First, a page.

The price paid by our community for this misconduct is immense — and goes beyond just the financial. There have been broken businesses, and the emotional stress and personal pain has also broken lives.
In disbelief, the nation has heard evidence presented before the Commission of: hundreds of millions of dollars in fees for no service, companies misleading and obstructing regulators, the charging of dead people, the sale knowingly of worthless insurance policies and who could forget the appalling audio recording of a young man with Down Syndrome being subject to high-pressure sales tactics resulting in the purchase of a financial product that he clearly did not want, need or understand.
This is why the community’s trust in our financial institutions has been lost and this is why it must now be restored. The banking sector must change, and change forever.
In Commissioner Hayne’s own words, “there can be no doubt that the primary responsibility for misconduct in the financial services industry lies with the entities concerned and … their boards and senior management.”
The “undeniable fact,” Commissioner Hayne said, is that “it is those who engaged in misconduct who are responsible for what they did and for the consequences that followed.”
This has resulted in the Commissioner making more than 20 referrals to ASIC and APRA covering a range of misconduct from fees for no service to best interests duty breaches and misleading and deceptive conduct.
My message to the financial sector is that misconduct must end, and you must put the interests of consumers first. Consumers must be treated honestly and fairly.
My message to the community is that your government is committing to making this happen.
In responding to this report and taking action on all 76 recommendations, we are putting in place the legislative framework which provides the regulators with the powers and the resources to hold those who abuse our trust to account.
If nothing else, the public is entitled to expect that the law is applied and enforced.
I want to make clear that the Government’s response to the Royal Commission is focused on restoring trust in our financial system and delivering better consumer outcomes, while maintaining the flow of credit and continuing to promote competition.
These objectives are vitally important to the health of our economy and therefore to the health of our community.
Commissioner Hayne’s recommendations and the Government’s response advance the interests of consumers in four key ways:
First, they strengthen and expand the protections for consumers, small business and those in rural and remote communities.
Second, they raise accountability and governance standards.
Third, they enhance the effectiveness of regulators.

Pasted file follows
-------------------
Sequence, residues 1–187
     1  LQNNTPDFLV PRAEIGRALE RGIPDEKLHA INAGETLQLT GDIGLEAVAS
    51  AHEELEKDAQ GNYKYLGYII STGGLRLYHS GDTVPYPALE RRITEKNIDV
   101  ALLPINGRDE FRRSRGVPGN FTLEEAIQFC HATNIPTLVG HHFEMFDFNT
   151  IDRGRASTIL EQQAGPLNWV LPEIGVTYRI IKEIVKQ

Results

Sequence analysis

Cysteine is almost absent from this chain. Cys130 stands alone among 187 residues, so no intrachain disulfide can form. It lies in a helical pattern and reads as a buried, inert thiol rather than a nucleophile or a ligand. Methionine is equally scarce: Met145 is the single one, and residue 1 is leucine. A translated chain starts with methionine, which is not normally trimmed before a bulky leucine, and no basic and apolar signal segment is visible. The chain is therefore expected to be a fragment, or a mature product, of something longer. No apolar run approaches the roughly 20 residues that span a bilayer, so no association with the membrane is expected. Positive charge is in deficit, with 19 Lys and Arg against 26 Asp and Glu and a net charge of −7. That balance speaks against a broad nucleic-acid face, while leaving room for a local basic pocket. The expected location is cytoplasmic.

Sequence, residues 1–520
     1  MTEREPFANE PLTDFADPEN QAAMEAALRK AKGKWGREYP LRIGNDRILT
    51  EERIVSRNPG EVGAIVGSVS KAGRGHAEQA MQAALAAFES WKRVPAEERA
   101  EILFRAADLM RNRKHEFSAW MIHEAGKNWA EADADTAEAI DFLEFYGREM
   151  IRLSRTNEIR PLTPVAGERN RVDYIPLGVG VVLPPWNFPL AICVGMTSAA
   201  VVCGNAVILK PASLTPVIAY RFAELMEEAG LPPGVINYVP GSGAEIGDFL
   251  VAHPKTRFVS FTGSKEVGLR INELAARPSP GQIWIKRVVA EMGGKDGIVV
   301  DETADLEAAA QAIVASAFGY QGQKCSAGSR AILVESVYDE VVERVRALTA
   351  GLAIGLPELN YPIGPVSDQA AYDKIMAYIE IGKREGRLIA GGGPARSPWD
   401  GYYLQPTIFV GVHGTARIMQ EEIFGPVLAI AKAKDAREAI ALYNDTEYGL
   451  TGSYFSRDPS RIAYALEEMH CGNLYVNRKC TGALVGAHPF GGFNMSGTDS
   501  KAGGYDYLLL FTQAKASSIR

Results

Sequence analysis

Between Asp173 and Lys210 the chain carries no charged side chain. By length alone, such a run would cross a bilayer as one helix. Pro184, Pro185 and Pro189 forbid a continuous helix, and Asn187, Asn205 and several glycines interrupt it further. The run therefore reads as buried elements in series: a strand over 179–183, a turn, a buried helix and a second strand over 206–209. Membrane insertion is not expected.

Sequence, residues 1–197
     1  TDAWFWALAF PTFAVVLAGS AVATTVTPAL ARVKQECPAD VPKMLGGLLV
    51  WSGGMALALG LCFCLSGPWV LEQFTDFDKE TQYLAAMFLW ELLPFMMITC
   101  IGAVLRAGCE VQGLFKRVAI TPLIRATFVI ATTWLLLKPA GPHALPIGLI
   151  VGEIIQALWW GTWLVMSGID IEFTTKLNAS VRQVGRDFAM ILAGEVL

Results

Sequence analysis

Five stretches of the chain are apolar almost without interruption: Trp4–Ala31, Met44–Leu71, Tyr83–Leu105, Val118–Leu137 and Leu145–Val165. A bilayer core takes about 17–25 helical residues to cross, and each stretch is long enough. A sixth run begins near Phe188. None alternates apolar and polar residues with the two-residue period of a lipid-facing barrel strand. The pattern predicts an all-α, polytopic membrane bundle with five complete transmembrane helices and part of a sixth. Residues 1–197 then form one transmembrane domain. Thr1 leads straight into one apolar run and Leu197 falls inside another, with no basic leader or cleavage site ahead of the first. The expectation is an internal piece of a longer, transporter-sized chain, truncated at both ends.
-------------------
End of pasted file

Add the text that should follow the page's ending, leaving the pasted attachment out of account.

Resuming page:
Fourth, they provide for remediation for those harmed by misconduct.
It is important to note that Commissioner Hayne’s recommendations do not include the removal of the twin peaks model, structural separation, the extension of national consumer credit laws to SMEs or changes to the test for responsible lending.
The Government is taking action on all 76 recommendations of the Royal Commission.
First, in terms of enhancing consumer protections, we are doing the following:
• With regards to mortgage brokers we are putting in place a best interests duty, banning trailing commissions and volume based bonuses on new loans from 1 July 2020. In terms of moving to a borrower pays remuneration structure, there will be a review in three years of the implications of doing so, bearing in mind the Productivity Commission, Murray and Sedgwick reviews all raised concerns about the effects on competition of a change to a borrower pays model.
• We are ending the grandfathering of conflicted remuneration for financial advisers, effective from 1 January 2021.
• In terms of superannuation we will ensure fund members only have one default account for new members entering the system — a recommendation that mirrors the Productivity Commission’s report into superannuation.
• We are prohibiting the deduction of advice fees from MySuper accounts.
• Hawking for superannuation and insurance will be prohibited, preventing some of the most disturbing stories the Royal Commission heard of vulnerable people being sold on an unsolicited basis policies they didn’t need. Changes will also be made to the sale of add-on insurance products so that their sale is separated by a period of time from the sale of the original product. For example, people today buying a mobile phone are being sold basic screen cover insurance which can cost more than the replacement of the screen itself.
• There will also be major changes to how the banks deal with distressed agricultural loans. This will include:
• a new national farm debt mediation scheme;